The idea could have been to ask for forgiveness in public from a daughter (and perhaps an ex-wife) who had been very betrayed in the past, playing the role of an absent and unreliable father, but the ways in which he stages this confession are so predictable and predictable to erase every emotion and every truth. In Flag Day (Flag Day, in remembrance of June 14, 1777, when the future American flag was adopted), Sean Penn plays the unlikely parent of Jennifer (Dylan, which Sean had from Robin Wright), a champion of subterfuge and leaps destined to end badly. Nothing particularly new but told with the most obvious clichés of the homage to the family genre, made up of slow motion, expanses of fields, backlighting and time leaps (from 1992 back to ’65), between drinking, lies and of course various remorse. And to think that this actor-director once knew how to direct films like Three Days for the Truth or The Promise.
Fortunately, Hytti n. 6 (Compartment n.6) by the Finnish Juho Kuosmanen, apparently banal story of a Finnish woman, Laura (Seidi Haarla), who by train from Moscow to Murmanks (to see unlikely petroglyphs) shares the compartment with the intrusive Ljoha (Jurij Borisov) . Everyone carries knots and fears inside (Laura fears that the companion who remained in Moscow wants to forget her, Ljoha wants to close with a mysterious past) and during the journey we will discover few or insignificant truths about the two, not even the ending will tell us anything, but we will finish captured by a camera who knows how to grasp the hesitations and impulses of real life. And for once you thank that cinema forgets iron scripts and gender rules and instead pursues the same freedom, the same vitality and the same contradictory randomness that are typical of real life, managing to capture it by force of style and not of ideology.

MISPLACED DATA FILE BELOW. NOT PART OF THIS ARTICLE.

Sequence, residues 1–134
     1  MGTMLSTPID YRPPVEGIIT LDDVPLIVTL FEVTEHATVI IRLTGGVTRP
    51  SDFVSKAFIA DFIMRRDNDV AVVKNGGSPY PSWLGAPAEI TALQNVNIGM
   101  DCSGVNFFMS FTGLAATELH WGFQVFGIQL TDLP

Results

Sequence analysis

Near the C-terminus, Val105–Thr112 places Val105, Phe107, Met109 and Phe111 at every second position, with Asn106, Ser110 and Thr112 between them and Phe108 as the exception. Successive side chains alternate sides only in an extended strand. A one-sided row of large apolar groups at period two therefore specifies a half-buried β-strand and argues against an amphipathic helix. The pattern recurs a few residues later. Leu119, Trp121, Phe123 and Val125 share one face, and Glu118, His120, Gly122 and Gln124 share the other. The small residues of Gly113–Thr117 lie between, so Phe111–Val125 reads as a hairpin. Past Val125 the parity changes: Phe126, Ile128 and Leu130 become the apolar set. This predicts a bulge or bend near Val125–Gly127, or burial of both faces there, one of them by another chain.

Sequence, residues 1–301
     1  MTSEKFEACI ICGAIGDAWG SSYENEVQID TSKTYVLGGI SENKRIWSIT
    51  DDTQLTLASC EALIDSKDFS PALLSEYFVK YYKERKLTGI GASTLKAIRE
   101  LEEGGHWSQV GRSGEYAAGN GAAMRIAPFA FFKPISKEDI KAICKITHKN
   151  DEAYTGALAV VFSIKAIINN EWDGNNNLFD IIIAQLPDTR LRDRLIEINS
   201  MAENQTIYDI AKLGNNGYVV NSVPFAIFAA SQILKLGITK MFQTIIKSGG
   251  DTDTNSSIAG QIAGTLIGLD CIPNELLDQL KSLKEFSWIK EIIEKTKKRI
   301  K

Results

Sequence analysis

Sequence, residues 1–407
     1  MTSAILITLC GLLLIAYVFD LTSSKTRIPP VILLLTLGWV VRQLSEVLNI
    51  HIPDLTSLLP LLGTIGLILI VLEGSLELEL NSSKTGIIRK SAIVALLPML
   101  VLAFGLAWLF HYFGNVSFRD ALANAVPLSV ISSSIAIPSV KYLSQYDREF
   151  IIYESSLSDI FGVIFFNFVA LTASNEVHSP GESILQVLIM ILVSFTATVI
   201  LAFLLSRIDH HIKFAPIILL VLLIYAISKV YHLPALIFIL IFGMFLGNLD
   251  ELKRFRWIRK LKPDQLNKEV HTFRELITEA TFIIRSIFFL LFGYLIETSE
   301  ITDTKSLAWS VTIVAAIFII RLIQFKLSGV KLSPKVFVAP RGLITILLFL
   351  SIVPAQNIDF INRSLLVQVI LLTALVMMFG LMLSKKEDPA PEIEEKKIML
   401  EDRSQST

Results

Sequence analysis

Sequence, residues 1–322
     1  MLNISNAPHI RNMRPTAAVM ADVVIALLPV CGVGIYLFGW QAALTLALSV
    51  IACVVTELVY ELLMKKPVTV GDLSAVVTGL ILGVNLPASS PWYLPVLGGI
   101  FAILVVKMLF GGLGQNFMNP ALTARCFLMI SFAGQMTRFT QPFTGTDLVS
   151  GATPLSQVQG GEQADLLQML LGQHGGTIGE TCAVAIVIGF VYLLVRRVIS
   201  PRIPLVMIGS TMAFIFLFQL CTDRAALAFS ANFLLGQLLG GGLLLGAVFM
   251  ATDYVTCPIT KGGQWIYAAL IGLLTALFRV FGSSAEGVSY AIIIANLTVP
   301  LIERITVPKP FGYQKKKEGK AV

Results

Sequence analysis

July 10, 2021 (change July 11, 2021 | 07:29)
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